Appel à contributions pour la revue L’Ouest saharien Numéro thématique (2022) « Les conditions féminines au Sahara-Sahel »   Coordinatrices du numéro Camille Evrard, historienne, chercheure associée au laboratoire FRAMESPA (UMR 5136 - Université Toulouse Jean Jaurès) et au laboratoire           CITERES (UMR 7324 - Université de Tours) Erin Pettigrew, historian, Assistant Professor, History and Arab Crossroads Studies, New York University Abu Dhabi   Argumentaire Ce numéro thématique de la revue L’Ouest saharien souhaite mettre en valeur les recherches récentes en sciences humaines et sociales portant sur la condition féminine dans la vaste région sahélo-saharienne habitée par des populations mauritaniennes, sahraouies, marocaines, algériennes, maliennes et nigériennes. Il vise à interroger l’apparente homogénéité historique et socio-culturelle de ces dernières en engageant une discussion sur l’exceptionnalité des femmes du monde sahélo-saharien. Les sociétés au coeur de cet appel ont souvent été décrites comme uniques, au sein du monde musulman, pour ce qui est de l’indépendance féminine, tant sur le plan de l’organisation familiale et du mariage que sur celui du recours au droit musulman, voire de la présence dans l’espace public. Cela rejoint, par ailleurs, les traits communs soulignés de ces sociétés qui ont partagé, dans l’histoire, un mode de vie lié au désert, des caractéristiques socio-économiques, des pratiques religieuses marquées par l’école juridique malékite et la présence des ordres soufis, des organisations politiques non centralisées, etc. Il n’en reste pas moins qu’elles présentent aussi de nombreuses différences. Elles sont traversées par des fractures statutaires et identitaires profondes qui poussent à resserrer la focale et regarder de plus près les conditions variées de l’histoire des émancipations féminines en leur sein. Surtout, ces sociétés ont connu, pendant la période coloniale et, plus encore, au cours des processus de décolonisation et de construction des États postcoloniaux, des réalités très différentes qui composent aujourd’hui un paysage contrasté.   On attribue souvent à la période coloniale des ruptures brutales avec un passé imaginé comme figé dans le temps. L’imposition coloniale des systèmes d’éducation, de santé, de politique représentative et d’économie - puis l’appropriation de ces systèmes par les États postcoloniaux - imprime sans doute des transformations sociales profondes et fournit de nouvelles opportunités dont les femmes se saisissent, ou qu’elles rejettent. Néanmoins, des recherches sur les périodes précédentes mettent en lumière des modèles locaux de contestation et d’action parfois remobilisés dans la période contemporaine. En outre, si jusqu’aux années 1970 avant les grandes sécheresses qui frappent la région, la plupart de ses populations sont nomades, le Sahara accueille aussi des communautés oasiennes (semi)sédentaires et urbaines. Par la suite, le développement des industries extractives, associé aux puissantes vagues de sédentarisation, entraîne un brassage socio-culturel plus important au cœur de villes “ouvrières”. Ces transformations suscitent elles aussi des positions nouvelles pour les femmes, positions qui demandent à être interrogées à la lumière d’un cadre plus vaste pour valider l’hypothèse d’un tournant dans le rapport qu’elles entretiennent à la loi, l’Etat, l’action collective. Enfin, les différences sociales et statutaires aussi bien que l’histoire politique propre à chaque pays renforcent l’hétérogénéité des expériences vécues par les femmes. Ce numéro thématique cherche donc à comprendre comment s’expriment ces réalités différentes malgré les traits communs à cette région du Sahara-Sahel.   De nombreux travaux ont été menés ces dernières années sur le féminisme, la condition des femmes et les luttes pour leurs droits dans le monde musulman (Howe, 2021 ; Bruzzi et Sorbera,    2020 ; Ali, 2012 ; Docquois et Lamloum, 2006 ; Ferjani, 2006 ; Shaheed, 2004), le monde arabe (Kréfa et Le Renard, 2020 ; Jasser et al. 2016), en Afrique subsaharienne (Burrill et. al., 2010 ; Callaway et Creevey, 1994 ; Badran, 2011 ; Gomez-Perez et Brossier, 2016 ; N’Diaye, 2014 ; Alidou, 2005), au Maghreb (Brand, 1998 ; Charrad, 2001 ; Mahfoudh et Delphy, 2014), ou encore autour de la Méditerranée (Rey et al., 2008), mettant en exergue leur longue histoire ainsi que le dialogue renouvelé qu’entretiennent les mouvements les plus récents avec les figures et les idées plus anciennes, partout dans le monde musulman. Ces recherches ont permis un panorama vaste et varié, mêlant réflexion sur les normes sociales, le féminisme et l’islam, les luttes politiques, la discussion juridique (Lydon, 2007 ; Warscheid, 2019 ; Calloway et Creevey, 1994 ; Wiley, 2018 ; Diagana, 2020 ; Dhoquois-Cohen et Lamloum, 2006). Elles ont aussi attiré l’attention sur l’évolution du droit dans le domaine de la protection des femmes victimes de violence ou de l’égalité entre femmes et hommes, et sur le poids des institutions internationales dans les évolutions sociétales et les débats que ces dernières ont entraîné (Boyd et Burrill, 2020 ; Guignard, 2018 ; Hodgson, 2017 ; Kang, 2015 ; Tripp, 2019). Il n’en demeure pas moins que les populations sahélo-sahariennes sont restées, dans ce panorama, peu représentées.   Dans l’esprit d’un renouveau des études sahariennes mettant en lumière le dynamisme historique, social, intellectuel, et économique du Sahara - auparavant considéré comme un espace vide et aride, en marge des centralités nord-africaines ou subsahariennes - ce numéro thématique se focalise sur les espaces sahariens de ce qui est aujourd’hui la Mauritanie, le Mali, le Niger, l’Algérie, le Maroc et le Sahara occidental, ainsi que sur les grandes villes sahéliennes qui accueillent un brassage socio-culturel important. Nous sollicitons des études qui s'appuient sur des approches méthodologiques variées issues des sciences historiques, anthropologiques, sociologiques, et géographiques. Il n’y a pas de limites concernant le cadre chronologique des articles, même si l’historicisation des sujets contemporains nous semble essentielle pour favoriser une meilleure compréhension des transformations dans la vie des femmes. Les thématiques et les angles d’approches attendus pour construire ce dossier sont donc très ouverts pourvu qu’ils touchent à la condition féminine dans cette région, de l’histoire ancienne à la période actuelle. Les articles pourront traiter le rapport à la famille, au droit et/ou à la religion, les courants de pensées, la place en politique ou le militantisme, des actrices observées dans un environnement local précis.     Plusieurs axes de réflexion sont proposés mais ils ne sont pas exclusifs :   Normes sociales, culturelles et religieuses : une homogénéité factice ? Les femmes dans un contexte de marginalité (minorités ; statuts “inférieurs” ou défavorisés) Le “sensible” en fonction des communautés Le “genre” et la sexualité Les femmes dans les traditions sahariennes d'érudition et d'autorité religieuse Mobilité sociale et activités de subsistance   Les luttes, le droit et l’État Le droit pour construire l’égalité ; le droit pour mettre fin aux violences L’imbrication des droits coutumier, religieux et “positif” du point de vue de la cause des femmes L’impact des réformes des codes de la famille, du statut personnel, des lois contre les violences à l’égard des femmes Le rapport à l’État dans les revendications   Les militantismes, des moyens “d’empuissantement” contrastés Les femmes dans les partis politiques nationalistes, dans les mouvements révolutionnaires Les associations et organisations des femmes Les moyens et les modes de lutte : politiques, religieux, sociaux L’utilisation des réseaux sociaux et des médias Les échanges régionaux   Les influences régionales ou internationales plus larges Les courants de pensées (féminisme islamique, afro-féminisme, féminisme laïc, etc.) Les influences coloniales, de coopération, des institutions internationales dans les termes de la lutte Le phénomène d’ “ongisation” dans l’Ouest saharien et ses impacts   Conditions de soumission Faire acte de candidature en envoyant une courte note d’une page (problématique du texte, exposé du déroulé de l’argumentaire, exposé des données, des sources et terrains mobilisés). Les propositions, de 3 000 signes maximum, en français, espagnol, ou anglais sont à envoyer à Camille Evrard (evrardcamille1@gmail.com) et à Erin Pettigrew (erin.pettigrew@nyu.edu) avant le 15 février 2021. Les articles retenus, en français, espagnol ou en anglais attendus pour le mois de juin 2021 devront avoir un format de 45 000 signes espaces compris (espaces, notes de bas de page et bibliographie compris) dans leur version destinée à la publication, ainsi qu’un court résumé de 800 signes (espaces compris), et des mots clés. Ils feront l’objet d’un atelier de discussion collective qui permettra de débattre et de renforcer l’argumentaire commun. Ils seront ensuite soumis à évaluation avant leur acceptation finale. N’hésitez pas à nous contacter pour toutes précisions. Calendrier Diffusion appel à contributions : 15 décembre 2020 Envoi de la proposition d’article : 15 février 2021 Sélection des propositions retenues : 1er mars 2021 Envoi d’une première version des articles présélectionnés : 30 juin 2021 Retour des reviewers : 15 septembre 2021 Textes définitifs : 15 novembre 2021 Publication du numéro : Printemps 2022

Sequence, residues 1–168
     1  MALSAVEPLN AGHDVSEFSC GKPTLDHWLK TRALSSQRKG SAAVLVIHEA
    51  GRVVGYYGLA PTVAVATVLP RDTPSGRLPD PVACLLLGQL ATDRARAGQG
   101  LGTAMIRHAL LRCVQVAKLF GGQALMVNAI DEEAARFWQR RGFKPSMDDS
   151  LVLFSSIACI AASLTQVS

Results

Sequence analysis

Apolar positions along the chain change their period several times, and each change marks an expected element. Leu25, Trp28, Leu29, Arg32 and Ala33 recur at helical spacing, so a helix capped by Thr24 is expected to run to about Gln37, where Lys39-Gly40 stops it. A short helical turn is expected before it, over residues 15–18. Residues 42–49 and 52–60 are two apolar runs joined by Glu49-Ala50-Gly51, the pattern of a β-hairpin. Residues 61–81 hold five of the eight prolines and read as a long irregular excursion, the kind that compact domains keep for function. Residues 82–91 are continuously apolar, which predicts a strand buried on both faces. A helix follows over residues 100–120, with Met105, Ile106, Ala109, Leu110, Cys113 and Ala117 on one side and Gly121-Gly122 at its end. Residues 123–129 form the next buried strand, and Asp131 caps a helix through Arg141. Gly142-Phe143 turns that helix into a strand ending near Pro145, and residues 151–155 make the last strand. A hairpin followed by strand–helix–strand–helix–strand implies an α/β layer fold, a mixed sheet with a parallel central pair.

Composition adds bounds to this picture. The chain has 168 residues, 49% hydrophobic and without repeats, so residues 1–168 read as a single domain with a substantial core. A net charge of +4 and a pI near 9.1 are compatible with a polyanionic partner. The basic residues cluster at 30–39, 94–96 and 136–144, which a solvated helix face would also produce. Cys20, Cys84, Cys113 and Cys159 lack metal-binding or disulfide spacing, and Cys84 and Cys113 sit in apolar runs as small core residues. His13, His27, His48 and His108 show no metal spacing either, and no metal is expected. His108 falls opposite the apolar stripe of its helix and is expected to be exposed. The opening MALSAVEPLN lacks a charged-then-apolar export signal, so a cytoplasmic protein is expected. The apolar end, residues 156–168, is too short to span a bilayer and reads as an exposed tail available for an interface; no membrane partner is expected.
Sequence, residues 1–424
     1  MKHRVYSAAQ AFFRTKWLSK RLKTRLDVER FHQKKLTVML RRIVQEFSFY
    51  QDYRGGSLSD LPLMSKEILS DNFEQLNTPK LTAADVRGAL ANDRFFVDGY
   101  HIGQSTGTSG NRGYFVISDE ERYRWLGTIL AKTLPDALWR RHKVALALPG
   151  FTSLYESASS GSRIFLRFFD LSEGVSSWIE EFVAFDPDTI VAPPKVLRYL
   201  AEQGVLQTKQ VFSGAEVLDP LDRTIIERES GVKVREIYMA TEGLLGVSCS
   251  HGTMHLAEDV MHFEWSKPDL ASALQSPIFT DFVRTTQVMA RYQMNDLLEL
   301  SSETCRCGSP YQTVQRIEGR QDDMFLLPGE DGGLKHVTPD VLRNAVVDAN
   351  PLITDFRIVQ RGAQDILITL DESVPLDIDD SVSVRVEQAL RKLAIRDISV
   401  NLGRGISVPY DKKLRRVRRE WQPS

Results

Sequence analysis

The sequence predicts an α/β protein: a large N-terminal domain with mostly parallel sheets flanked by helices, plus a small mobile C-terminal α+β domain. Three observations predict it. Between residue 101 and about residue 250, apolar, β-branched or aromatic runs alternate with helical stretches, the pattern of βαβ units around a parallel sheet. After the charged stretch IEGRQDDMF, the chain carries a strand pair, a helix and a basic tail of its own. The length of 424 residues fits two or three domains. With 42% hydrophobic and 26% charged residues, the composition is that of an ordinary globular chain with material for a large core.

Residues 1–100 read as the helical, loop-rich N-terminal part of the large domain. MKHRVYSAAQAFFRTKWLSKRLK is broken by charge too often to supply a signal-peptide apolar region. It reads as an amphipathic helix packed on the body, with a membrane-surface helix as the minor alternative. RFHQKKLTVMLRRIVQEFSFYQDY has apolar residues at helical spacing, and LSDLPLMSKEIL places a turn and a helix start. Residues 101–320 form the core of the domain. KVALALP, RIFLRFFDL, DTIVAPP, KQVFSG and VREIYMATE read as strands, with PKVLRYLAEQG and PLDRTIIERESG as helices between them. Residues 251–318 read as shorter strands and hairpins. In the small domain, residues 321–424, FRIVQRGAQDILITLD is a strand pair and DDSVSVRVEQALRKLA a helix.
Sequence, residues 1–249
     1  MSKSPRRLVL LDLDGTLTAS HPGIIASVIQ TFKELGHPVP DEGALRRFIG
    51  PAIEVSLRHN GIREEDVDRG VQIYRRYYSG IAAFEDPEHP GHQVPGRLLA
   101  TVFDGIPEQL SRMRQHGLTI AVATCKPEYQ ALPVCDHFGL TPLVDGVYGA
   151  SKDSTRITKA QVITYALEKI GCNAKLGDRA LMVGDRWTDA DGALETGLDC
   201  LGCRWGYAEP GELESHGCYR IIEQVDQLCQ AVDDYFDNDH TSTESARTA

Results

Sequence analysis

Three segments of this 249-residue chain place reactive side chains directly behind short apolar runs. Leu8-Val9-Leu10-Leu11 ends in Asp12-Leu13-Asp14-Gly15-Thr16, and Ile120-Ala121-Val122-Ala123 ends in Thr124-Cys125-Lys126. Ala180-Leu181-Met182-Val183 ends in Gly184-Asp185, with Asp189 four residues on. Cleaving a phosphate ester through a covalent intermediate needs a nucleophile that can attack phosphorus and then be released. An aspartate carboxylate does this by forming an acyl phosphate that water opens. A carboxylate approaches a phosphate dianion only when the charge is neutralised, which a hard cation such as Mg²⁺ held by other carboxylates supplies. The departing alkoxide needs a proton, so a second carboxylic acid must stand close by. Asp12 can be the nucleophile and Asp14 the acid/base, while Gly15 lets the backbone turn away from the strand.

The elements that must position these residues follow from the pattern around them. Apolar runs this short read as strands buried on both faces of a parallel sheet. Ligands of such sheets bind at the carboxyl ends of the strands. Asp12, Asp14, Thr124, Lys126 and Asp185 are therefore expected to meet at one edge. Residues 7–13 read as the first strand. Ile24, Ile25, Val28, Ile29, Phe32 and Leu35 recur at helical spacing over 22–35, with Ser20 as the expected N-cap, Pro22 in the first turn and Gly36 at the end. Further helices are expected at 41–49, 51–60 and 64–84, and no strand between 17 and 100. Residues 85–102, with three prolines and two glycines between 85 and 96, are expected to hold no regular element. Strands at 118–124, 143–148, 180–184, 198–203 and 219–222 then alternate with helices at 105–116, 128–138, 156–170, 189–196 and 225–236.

By: Elaina Lawrence